Human rights concerns largely absent from Doha meeting on Afghanistan, activists say

Heather Barr, the associate director of the Women’s Rights Division at Human Rights Watch, has raised concerns about the exclusion of women’s rights from discussions at the Doha meeting on Afghanistan. Barr revealed that the United Nations has made significant concessions to the Taliban to ensure their participation in the meeting.

“We have learned in the last 24 hours that the Taliban have agreed to attend this meeting, and it’s clear that their participation is based on serious concessions made by the United Nations, which has effectively excluded Afghan women from the meeting,” Barr stated.

The Afghan Women’s Association has echoed these concerns, declaring that the Doha meeting lacks legitimacy without the full representation of women. The meeting will feature special representatives from various countries and organizations, and the Taliban has confirmed its participation, warning that any changes to the agenda or participants could lead to a shift in their stance.

One of the Taliban’s preconditions for attending was their recognition as the sole representative of Afghanistan. This condition appears to have been accepted by the UN, leading to the Taliban’s announcement of their participation. Barr emphasized that human rights and women’s rights have been largely excluded from the agenda of this third Doha meeting.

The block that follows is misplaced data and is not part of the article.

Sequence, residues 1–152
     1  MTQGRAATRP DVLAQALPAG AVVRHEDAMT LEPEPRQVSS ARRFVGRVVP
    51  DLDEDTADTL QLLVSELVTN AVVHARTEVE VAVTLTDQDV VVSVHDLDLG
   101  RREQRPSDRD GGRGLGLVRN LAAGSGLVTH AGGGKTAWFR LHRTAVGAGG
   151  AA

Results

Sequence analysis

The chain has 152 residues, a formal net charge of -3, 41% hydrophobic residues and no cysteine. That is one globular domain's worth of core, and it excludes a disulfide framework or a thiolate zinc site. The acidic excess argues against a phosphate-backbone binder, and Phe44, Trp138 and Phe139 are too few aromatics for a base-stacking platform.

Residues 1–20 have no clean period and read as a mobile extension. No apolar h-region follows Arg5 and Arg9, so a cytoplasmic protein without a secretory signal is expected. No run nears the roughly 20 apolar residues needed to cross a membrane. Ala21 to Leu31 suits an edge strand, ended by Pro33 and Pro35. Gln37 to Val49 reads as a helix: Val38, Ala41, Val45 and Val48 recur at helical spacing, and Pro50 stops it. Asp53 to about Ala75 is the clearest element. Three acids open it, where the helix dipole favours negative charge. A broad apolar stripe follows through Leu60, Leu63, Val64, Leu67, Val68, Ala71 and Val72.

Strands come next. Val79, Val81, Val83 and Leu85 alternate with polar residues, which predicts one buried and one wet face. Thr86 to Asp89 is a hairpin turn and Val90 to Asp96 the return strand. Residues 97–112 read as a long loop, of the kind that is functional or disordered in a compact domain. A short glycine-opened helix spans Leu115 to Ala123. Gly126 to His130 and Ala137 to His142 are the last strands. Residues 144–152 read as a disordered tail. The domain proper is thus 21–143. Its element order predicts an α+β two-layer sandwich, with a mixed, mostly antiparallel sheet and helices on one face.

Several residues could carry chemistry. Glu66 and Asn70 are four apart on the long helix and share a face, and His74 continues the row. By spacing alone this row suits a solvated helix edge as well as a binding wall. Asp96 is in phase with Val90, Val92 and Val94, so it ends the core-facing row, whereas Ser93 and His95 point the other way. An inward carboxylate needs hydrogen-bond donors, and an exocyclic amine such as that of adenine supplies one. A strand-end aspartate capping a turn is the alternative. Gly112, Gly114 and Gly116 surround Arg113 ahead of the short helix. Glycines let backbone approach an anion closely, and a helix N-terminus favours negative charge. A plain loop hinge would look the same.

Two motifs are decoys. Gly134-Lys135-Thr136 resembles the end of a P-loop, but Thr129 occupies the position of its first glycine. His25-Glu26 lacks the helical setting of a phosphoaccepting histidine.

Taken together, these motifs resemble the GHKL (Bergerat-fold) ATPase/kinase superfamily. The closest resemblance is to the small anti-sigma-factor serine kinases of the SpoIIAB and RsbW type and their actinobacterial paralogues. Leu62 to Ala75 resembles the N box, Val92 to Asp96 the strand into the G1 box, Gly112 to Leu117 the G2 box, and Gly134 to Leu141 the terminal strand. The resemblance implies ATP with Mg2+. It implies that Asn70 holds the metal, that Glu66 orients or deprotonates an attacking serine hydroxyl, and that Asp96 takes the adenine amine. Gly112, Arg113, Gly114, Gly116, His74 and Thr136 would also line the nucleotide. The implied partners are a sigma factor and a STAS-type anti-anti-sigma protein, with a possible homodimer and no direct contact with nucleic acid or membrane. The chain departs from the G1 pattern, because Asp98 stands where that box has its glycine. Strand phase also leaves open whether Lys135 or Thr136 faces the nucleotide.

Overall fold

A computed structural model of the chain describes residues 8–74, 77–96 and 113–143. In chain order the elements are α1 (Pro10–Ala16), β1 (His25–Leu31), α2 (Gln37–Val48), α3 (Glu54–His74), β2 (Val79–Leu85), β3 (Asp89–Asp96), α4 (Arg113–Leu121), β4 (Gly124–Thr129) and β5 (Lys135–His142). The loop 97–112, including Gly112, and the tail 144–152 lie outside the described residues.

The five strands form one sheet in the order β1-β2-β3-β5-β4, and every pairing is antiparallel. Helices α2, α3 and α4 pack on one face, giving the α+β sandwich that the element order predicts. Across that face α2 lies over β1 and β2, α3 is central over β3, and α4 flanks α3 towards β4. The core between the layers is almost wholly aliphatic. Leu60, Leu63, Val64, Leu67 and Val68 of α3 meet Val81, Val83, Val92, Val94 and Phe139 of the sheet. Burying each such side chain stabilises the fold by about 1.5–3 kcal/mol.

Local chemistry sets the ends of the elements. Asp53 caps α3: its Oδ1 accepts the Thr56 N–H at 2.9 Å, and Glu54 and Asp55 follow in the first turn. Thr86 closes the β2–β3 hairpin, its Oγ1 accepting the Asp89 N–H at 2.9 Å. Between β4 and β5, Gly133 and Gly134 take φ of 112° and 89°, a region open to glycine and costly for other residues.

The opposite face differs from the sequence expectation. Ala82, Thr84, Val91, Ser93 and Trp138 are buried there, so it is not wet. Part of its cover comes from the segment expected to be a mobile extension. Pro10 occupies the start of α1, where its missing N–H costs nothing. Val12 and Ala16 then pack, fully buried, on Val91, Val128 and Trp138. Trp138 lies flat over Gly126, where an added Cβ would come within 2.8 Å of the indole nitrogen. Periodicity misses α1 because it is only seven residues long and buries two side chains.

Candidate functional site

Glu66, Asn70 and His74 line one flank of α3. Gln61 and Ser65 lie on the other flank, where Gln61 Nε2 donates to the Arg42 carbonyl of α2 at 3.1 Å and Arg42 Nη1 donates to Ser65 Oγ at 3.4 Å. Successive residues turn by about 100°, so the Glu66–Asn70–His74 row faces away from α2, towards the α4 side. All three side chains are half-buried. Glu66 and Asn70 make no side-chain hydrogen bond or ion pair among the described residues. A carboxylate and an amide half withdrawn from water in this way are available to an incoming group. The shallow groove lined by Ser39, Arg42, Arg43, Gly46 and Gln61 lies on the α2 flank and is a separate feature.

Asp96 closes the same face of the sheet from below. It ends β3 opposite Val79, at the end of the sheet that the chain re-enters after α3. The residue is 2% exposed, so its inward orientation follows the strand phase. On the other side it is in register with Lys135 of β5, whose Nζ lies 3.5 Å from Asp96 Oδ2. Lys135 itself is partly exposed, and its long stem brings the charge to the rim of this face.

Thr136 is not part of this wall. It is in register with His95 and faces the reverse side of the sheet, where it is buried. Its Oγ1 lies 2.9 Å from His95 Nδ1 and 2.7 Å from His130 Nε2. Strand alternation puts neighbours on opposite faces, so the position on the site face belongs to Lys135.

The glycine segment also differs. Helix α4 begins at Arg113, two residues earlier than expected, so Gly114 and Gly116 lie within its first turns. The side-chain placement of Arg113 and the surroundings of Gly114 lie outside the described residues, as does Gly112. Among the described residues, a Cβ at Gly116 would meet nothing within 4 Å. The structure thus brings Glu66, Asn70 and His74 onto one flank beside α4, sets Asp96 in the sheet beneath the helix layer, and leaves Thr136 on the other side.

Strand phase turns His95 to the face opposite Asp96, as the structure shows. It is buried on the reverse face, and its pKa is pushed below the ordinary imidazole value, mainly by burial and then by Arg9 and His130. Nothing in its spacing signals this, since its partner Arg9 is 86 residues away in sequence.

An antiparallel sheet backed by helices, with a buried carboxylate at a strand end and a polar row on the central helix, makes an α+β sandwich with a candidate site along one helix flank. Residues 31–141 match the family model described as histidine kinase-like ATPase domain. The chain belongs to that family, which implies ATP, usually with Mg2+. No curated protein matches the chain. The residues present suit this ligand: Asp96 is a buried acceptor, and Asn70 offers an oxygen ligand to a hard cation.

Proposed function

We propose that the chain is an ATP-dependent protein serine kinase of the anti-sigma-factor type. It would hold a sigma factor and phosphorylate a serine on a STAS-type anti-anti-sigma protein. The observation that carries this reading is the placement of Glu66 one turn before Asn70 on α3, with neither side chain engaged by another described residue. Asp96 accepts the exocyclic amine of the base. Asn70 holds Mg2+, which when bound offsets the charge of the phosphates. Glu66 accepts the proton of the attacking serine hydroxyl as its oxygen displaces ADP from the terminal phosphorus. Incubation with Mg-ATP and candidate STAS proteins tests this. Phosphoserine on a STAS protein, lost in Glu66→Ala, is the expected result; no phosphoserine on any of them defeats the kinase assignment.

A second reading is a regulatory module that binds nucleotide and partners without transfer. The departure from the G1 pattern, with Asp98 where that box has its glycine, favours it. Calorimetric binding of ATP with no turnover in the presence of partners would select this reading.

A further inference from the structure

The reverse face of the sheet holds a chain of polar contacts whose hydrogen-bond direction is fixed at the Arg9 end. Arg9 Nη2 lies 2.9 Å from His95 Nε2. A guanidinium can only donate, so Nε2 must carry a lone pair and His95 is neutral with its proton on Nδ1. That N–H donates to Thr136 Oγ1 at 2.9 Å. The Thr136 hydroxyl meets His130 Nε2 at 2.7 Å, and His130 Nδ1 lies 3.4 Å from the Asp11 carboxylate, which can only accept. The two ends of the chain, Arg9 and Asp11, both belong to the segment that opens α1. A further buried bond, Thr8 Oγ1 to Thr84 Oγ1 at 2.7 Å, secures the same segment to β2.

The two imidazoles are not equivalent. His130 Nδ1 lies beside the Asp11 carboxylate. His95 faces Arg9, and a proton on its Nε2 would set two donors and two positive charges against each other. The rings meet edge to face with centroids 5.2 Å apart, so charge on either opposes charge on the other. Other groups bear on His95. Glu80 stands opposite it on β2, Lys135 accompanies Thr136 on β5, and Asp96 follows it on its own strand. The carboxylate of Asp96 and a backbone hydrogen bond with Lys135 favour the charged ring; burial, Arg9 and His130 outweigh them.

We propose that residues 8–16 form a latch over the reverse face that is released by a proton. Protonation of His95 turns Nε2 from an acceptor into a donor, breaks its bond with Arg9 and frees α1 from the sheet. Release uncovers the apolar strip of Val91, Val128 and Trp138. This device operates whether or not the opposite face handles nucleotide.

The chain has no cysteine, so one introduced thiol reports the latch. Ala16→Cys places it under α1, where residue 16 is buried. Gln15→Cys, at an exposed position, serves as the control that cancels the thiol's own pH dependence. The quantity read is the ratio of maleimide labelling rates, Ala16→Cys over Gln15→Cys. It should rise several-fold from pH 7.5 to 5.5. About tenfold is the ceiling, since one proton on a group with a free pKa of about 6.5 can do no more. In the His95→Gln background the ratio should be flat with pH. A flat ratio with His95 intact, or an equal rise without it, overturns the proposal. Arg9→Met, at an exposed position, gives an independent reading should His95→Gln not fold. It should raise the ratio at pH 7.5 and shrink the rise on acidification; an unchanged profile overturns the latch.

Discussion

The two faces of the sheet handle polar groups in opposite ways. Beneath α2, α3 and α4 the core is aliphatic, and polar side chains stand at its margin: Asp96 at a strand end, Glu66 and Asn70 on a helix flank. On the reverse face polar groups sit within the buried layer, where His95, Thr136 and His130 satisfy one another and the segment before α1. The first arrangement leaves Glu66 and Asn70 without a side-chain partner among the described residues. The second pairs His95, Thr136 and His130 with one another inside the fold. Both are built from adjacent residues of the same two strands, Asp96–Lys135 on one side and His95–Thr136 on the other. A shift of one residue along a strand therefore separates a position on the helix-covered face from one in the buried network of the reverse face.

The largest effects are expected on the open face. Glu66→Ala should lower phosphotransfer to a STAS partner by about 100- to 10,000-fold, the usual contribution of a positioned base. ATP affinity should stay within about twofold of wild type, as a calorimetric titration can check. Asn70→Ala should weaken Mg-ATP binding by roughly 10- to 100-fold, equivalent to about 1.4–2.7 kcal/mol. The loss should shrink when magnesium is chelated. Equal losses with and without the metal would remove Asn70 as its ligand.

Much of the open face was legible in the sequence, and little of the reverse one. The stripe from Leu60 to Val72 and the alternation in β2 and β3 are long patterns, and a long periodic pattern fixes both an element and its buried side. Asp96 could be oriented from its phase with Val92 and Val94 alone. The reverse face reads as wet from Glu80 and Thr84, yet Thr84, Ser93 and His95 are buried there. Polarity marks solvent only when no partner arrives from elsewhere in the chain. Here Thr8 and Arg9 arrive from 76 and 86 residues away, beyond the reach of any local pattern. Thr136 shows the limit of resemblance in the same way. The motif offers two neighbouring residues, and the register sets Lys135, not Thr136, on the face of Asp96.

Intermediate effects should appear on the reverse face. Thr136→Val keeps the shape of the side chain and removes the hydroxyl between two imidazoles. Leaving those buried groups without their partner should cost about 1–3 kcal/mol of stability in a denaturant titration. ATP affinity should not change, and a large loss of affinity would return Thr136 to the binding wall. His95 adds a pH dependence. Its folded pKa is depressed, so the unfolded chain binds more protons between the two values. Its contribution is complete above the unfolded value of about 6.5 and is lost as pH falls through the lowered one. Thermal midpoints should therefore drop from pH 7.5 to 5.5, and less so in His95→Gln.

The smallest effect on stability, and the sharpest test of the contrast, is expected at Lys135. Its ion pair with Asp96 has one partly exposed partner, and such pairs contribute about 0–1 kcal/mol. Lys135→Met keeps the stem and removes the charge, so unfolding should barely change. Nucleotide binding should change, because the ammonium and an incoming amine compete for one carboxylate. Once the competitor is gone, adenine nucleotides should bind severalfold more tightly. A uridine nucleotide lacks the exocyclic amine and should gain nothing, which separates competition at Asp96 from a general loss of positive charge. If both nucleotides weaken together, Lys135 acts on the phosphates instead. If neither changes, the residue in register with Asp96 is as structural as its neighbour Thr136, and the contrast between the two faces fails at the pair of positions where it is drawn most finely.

The UN has not yet publicly disclosed the participants and agenda for the meeting. However, the Taliban is optimistic that the focus will be on the private sector, climate change, and drug trafficking.

Human rights activists have voiced concerns that the primary goals of the Doha meetings—appointing a special representative for Afghanistan, forming an inclusive government, and ensuring women’s participation in all structures—are being sidelined in favor of the Taliban’s interests.

“We must remember that this action by the UN devalues the human rights it claims to uphold in the eyes of Afghan women and girls,” said Marriam Arveen, reflecting a sentiment shared by the Afghan Women’s Association. The association argued that without full representation of women and opposition voices, the Doha meeting cannot be legitimate.

The group also emphasized the importance of holding the Taliban accountable for women’s rights, particularly the right to work and education. Afghan citizens have expressed similar frustrations, with many calling for a government that treats women equally and avoids ethnic favoritism.

Human Rights Watch has criticized the UN for not heeding the advice of its own special rapporteur. Speaking at the Human Rights Council session, Richard Bennett, the UN special rapporteur for Afghanistan, highlighted the upcoming Doha meeting as a crucial opportunity to ensure that the rights and voices of women and girls are not marginalized.

The third round of the Doha meeting on Afghanistan is scheduled to take place at the end of this month, with envoys from 25 countries and possibly the Taliban participating.